10 Myths about Costa Rica We Need to Bust

“It always rains”, “the roads are terrible”, and “expat life is simple” — myths all.  This article is designed to give you a primer on a few of the bigger myths about the country you call (or may call) home.  Let’s dive into them.

Myth: Costa Rica is a South American island

Combining two geography myths.  No, Costa Rica is not an island nor in South America.  Costa Rica lies near the bottom of Central America with Nicaragua to the North, the Pacific Ocean to the West, the Caribbean Sea to the East, and Panama to the South. 

Myth: Everyone speaks English

This is an international myth — that the world speaks English.  While English is widely spoken in tourist areas and many people in Costa Rica have a basic understanding of the language, it is not as widespread as some might believe. In all cultures, trying to speak the host language is an important sign of respect and involvement.  So, we recommend that if you do not speak Spanish you invest in some classes — as there is a vast array of online and in-person classes you can take. 

Myth: Everything is cheap

True, if you are moving from Toronto, Denver, or Amsterdam it is cheaper, but Costa Rica is one of the most expensive countries in Central America. Primarily because as a small country away from larger import/export routes, both supply and demand dictate higher import costs.  What you pay also varies greatly depending on where you live.  Yes, you have more selection in international-friendly (read: tourist) communities, but you also tend to pay more.  But not everything is expensive.  Seek out deals, go to farmer’s markets, and try to forego the expensive US brand if you can find a Tico brand you like.  And off-season (aka rainy/green season can be cheaper)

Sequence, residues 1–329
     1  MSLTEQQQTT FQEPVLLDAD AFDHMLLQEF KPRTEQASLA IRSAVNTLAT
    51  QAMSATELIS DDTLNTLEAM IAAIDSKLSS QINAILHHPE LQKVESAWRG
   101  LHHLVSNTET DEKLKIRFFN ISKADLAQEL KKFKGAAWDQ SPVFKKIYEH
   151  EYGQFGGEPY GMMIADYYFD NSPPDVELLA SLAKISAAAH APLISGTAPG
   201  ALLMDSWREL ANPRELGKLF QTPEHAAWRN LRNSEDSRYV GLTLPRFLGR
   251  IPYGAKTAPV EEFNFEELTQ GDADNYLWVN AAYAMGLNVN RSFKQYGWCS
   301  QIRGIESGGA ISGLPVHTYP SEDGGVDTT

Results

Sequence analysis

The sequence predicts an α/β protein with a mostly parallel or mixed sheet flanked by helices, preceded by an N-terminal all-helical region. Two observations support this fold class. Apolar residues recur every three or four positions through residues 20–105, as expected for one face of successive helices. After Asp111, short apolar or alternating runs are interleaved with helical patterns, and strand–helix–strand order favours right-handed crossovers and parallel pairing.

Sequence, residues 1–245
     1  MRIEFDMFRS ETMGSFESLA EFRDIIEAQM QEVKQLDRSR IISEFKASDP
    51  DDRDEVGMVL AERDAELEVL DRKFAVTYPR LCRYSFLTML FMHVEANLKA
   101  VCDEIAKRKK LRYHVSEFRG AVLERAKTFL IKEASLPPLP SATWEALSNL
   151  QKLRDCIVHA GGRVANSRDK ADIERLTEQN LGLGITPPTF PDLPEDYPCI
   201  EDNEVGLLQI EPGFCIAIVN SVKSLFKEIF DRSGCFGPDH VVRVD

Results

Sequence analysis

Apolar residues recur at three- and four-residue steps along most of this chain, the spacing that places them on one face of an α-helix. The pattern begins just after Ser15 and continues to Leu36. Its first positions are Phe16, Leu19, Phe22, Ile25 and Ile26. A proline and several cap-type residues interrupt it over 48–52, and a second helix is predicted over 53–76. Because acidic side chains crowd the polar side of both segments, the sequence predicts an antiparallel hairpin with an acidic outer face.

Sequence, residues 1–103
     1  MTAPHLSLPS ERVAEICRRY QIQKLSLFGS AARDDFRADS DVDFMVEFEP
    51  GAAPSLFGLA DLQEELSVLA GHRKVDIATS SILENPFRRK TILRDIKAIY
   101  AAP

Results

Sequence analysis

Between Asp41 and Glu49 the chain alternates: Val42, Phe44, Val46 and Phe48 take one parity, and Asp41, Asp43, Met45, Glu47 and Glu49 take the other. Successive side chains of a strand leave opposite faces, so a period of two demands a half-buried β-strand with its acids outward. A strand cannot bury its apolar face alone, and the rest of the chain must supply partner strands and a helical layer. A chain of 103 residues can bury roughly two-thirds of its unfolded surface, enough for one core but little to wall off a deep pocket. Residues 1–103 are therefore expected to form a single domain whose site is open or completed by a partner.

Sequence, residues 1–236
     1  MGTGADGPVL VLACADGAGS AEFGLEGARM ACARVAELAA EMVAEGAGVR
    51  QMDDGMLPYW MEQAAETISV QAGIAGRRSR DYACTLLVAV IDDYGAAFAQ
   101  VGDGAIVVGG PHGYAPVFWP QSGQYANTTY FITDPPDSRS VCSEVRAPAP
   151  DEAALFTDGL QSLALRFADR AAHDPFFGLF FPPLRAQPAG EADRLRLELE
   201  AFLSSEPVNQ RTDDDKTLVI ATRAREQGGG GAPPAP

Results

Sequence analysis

Myth: It’s always raining

OK, so this one isn’t fully a myth, but there are definitely “less rainy” times of the year.  On the Pacific side of the country, the rainy season (May to November) (also known as “Green Season”) morphs into a hot and dry season (December to April).  But even in the rainy season, it’s usually not all-day rain, but rather periods of rain with sun and perfect weather on either side.  On the Caribbean side of Costa Rica, they say there are two seasons: rainy and REALLY rainy.  And the pattern of dry vs. wet times can often be reversed.  

Myth: Tropical means hot

At the beaches it is hot.  In the dry season, it can be hot.   But if you’ve ever spent time in a cloud forest or a microclimate around one of the many volcanoes, you will know that it can be quite cold.  Layers are your friend, as are both sun and bug protection.

Myth: Jurassic Park was real

If you saw the film/s, you know that Jurassic Park is supposed to be an island off Costa Rica.  Well, in the film they shipped in Dino DNA to that island and caused a cinematic catastrophe, but in reality, no dinosaurs are known to have called Costa Rica home.  But there were mastodons and giant sloths roaming what is now Costa Rica so points for (sorta) accuracy!

Myth: Don’t Drink the Water and the Food is blah